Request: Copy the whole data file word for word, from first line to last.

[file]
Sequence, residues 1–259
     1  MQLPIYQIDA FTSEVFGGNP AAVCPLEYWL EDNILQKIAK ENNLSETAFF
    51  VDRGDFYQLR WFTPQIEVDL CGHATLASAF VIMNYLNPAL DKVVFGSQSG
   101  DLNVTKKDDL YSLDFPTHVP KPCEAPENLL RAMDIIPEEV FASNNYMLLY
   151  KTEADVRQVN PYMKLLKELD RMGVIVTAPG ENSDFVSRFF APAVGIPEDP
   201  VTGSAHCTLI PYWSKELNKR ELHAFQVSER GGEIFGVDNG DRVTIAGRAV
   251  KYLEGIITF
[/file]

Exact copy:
Sequence, residues 1–259
     1  MQLPIYQIDA FTSEVFGGNP AAVCPLEYWL EDNILQKIAK ENNLSETAFF
    51  VDRGDFYQLR WFTPQIEVDL CGHATLASAF VIMNYLNPAL DKVVFGSQSG
   101  DLNVTKKDDL YSLDFPTHVP KPCEAPENLL RAMDIIPEEV FASNNYMLLY
   151  KTEADVRQVN PYMKLLKELD RMGVIVTAPG ENSDFVSRFF APAVGIPEDP
   201  VTGSAHCTLI PYWSKELNKR ELHAFQVSER GGEIFGVDNG DRVTIAGRAV
   251  KYLEGIITF